It went on and on. Over the course of the week, just about every organized community in Tennessee got its chance, and lost. During one Senate debate on October 4, Kingston, Hamilton, Sparta, Knoxville, Clarksville, McMinnville, Shelbyville, Murfreesboro, Chattanooga, Franklin, Harrison, and Woodbury were all considered. Every town put up for a vote in the Senate that day got between 7 and 13 votes –short of the 17 needed for passage. 

After several days, it came down to Nashville and Murfreesboro, and the debate got interesting. Several legislators said Nashville was the logical choice. After all, the legislature was used to meeting there; it had better road and water connections; and it contained institutions (such as the prison) that the legislature needed to watch over. The city of Nashville was also offering the state a free piece of land on which to build a Capitol building. Several of Nashville’s wealthiest citizens promised to buy Campbell’s Hill for $30,000 to donate it to the state. 

But lawmakers advocating Murfreesboro did not go down easily. They pointed out that Murfreesboro, not Nashville, was the geographic center of the state. They also said that since the legislature moved to Nashville 17 years earlier, the government was spending more money than it did before it met in Nashville -- obviously the fault of the people of Nashville.

On Friday, October 6, 1843, the House voted 50-43 to make Nashville the state’s permanent capital. The next day the Senate concurred with 17 votes in the affirmative, making the state capital bill one of those rare pieces of legislation that passed both chambers without a single vote to spare.
Country Music

So how did Nashville become the home of country music? It has to do with life insurance.

An early poster for the WSM Barn Dance, later called the Grand Ole Opry.
Do you know what life insurance is? Simply put, it is something that people, especially parents, pay for that makes certain that the people that they leave behind are taken care of in case they die. In the early 1900s there was an insurance company in Nashville called the National Life & Accident Insurance Co. -- a fairly respectable, and kind of boring company. Well, National Life, as it was known, needed to invest some money. And in the early days of radio the idea of starting a radio station seemed like a good way to invest money and to promote its products. In 1924 National Life started a station at 650 AM, calling it WSM for "We Shield Millions."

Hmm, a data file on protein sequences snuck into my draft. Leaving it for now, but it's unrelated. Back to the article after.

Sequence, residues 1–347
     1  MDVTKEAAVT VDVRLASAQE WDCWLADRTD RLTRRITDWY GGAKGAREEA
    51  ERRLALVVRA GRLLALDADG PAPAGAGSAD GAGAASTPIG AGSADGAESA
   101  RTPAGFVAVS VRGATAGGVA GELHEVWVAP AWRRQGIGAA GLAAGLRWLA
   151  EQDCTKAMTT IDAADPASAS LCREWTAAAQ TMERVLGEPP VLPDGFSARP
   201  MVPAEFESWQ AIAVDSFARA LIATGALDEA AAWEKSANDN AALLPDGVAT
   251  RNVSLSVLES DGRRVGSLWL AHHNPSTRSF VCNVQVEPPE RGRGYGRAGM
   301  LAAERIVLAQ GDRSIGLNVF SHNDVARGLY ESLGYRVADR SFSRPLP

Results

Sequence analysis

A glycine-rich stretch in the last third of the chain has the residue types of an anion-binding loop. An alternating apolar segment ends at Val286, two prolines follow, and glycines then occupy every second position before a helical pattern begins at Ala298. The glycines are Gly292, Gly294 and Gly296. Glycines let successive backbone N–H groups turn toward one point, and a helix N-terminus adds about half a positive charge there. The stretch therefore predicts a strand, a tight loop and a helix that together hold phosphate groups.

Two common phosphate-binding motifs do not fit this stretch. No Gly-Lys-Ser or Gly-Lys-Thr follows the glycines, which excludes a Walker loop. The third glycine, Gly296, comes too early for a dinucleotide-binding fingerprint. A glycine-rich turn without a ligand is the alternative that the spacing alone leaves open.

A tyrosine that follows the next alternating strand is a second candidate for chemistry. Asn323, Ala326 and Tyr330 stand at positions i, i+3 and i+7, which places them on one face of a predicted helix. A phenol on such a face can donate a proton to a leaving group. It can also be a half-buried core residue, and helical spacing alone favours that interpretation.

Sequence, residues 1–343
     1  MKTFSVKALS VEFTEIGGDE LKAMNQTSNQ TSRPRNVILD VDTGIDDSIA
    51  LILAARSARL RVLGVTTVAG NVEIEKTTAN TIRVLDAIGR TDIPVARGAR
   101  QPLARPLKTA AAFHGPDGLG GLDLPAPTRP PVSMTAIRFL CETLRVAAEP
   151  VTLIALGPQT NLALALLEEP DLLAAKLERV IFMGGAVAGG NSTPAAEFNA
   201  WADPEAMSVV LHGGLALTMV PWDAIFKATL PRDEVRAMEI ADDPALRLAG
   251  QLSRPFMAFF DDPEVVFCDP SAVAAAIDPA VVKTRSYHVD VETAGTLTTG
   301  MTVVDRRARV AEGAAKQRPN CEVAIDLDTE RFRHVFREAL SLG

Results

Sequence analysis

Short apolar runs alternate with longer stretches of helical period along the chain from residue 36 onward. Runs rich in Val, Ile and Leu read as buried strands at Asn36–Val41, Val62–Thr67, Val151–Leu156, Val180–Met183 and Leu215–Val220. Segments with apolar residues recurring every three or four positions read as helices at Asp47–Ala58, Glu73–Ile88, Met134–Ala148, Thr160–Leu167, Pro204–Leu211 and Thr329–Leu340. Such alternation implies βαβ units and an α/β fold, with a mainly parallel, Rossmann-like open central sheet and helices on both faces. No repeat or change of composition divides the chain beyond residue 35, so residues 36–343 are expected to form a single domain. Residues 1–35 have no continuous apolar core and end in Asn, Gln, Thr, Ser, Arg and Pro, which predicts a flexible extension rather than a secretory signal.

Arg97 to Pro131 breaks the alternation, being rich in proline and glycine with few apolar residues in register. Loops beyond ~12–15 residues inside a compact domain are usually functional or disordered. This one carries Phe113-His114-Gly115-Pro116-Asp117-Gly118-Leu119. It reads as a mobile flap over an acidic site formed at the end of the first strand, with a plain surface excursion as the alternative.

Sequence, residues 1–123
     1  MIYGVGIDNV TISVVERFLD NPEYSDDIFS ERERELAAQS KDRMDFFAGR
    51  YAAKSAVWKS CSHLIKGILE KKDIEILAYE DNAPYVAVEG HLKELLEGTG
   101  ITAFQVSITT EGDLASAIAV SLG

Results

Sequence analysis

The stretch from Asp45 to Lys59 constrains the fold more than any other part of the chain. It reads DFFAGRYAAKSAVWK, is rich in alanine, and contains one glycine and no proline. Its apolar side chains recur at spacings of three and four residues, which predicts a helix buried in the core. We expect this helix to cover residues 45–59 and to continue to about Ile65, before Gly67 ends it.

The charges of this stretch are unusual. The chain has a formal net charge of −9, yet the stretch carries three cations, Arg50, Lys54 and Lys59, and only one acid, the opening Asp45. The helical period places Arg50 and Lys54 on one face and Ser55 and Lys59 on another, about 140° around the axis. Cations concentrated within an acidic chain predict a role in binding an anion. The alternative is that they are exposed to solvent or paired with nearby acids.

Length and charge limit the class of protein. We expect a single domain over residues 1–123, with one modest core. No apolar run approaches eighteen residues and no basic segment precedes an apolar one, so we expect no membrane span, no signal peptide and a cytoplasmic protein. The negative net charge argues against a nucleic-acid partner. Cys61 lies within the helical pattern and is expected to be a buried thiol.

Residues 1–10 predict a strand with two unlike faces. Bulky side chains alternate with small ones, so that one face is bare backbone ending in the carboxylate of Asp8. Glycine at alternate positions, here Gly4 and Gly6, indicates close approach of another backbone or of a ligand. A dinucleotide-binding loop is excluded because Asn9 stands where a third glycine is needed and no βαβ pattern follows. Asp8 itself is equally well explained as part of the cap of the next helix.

About a year later National Life brought in a new disc jockey named George Hay. George Hay loved hillbilly music, and without really getting anyone's permission he started a radio show on Saturday night. He first called it the "Barn Dance," but he later came up for a funny name for it: the Grand Ole Opry.

The Grand Ole Opry show in the 1930s. George Hay is sitting in the back row wearing a suit.
George Hay had a knack for talent when he heard it, and before long the Grand Ole Opry was one of the biggest radio shows in America, with stars like Minnie Pearl and Roy Acuff. Soon people were coming from all over the country to watch the show being performed live.

After World War II executives from national record companies started flying to Nashville. In those days, country music records were often recorded in hotel rooms, with one band playing a song for a microphone while another band sat in the room waiting their turn. It was the beginning of what they now call in Nashville the "record business," and today it means big bucks for Nashville.